Is the daily survey driving other pollsters away?

Is the daily survey driving other pollsters away?

Is it healthy that one firm should be so dominant?

Consider this:-

The last voting intention survey from a firm other than YouGov was from ComRes and completed its fieldwork on June 27th – nearly two and a half weeks ago.

There have been thirteen national YouGov polls since then
– all but one of for News International which has an exclusivity arrangement with the firm for national papers.

The Daily Telegraph has not had a regular pollster since February – when the News International exclusivity agreement came into force. Until then the paper had a long record of being a big backer of polling and it was the national paper that first commissioned YouGov nearly eight years ago.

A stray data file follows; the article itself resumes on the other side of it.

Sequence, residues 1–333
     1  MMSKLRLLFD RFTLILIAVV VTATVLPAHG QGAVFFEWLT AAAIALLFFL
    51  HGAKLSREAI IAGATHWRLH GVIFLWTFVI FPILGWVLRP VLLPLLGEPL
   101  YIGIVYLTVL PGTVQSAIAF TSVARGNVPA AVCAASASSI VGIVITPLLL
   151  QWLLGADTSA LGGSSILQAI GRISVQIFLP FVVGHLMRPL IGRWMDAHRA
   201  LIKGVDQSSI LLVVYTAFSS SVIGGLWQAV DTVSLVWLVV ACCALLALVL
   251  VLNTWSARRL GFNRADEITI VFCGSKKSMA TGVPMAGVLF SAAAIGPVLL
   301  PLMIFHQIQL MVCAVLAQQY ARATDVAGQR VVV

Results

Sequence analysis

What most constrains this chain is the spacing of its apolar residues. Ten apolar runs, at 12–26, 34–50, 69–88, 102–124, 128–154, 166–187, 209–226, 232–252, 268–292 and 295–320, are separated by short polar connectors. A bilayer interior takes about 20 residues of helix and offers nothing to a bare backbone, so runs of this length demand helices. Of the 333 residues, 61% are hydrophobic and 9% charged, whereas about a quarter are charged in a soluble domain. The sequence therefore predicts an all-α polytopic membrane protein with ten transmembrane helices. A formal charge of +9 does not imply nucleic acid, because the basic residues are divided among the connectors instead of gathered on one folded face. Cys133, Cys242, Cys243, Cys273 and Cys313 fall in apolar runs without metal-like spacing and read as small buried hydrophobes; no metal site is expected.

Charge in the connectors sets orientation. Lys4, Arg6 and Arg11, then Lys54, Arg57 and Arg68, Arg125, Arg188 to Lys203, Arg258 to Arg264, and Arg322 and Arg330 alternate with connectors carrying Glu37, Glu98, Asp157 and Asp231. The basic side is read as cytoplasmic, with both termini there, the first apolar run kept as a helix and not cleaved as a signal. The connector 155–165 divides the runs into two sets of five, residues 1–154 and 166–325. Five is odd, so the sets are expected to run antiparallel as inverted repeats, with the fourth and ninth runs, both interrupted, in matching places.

There has not been a published national voting poll from Populus since the general election. This is the pollster for the Times which, like the Telegraph, has been a big backer of political polling. It is owned by News International.

We all know that the national press is going through a tough time and circulations for all papers are down. They have all been hit by the recession which has affected advertising revenue.

Thankfully the Guardian continues with its relationship with ICM while the Sunday Telegraph has funded two post election voting intention polls from the firm.

Ipsos-MORI has done one survey for Reuters while the Indy and Indy on Sunday polling series with ComRes continues.

So we are reaching a situation where there are six or seven YouGov polls for every one non-YouGov poll.

Online surveys from pre-selected panels are much quicker to organise and much less expensive than standard telephone polls – unfortunately they didn’t do anything like as well at the general election.

Five of the top six places in the 2010 polling accuracy table were occupied by phone pollsters. Five of the bottom six place went to online firms. YouGov came eighth overall and was behind two online firms.

Mike Smithson

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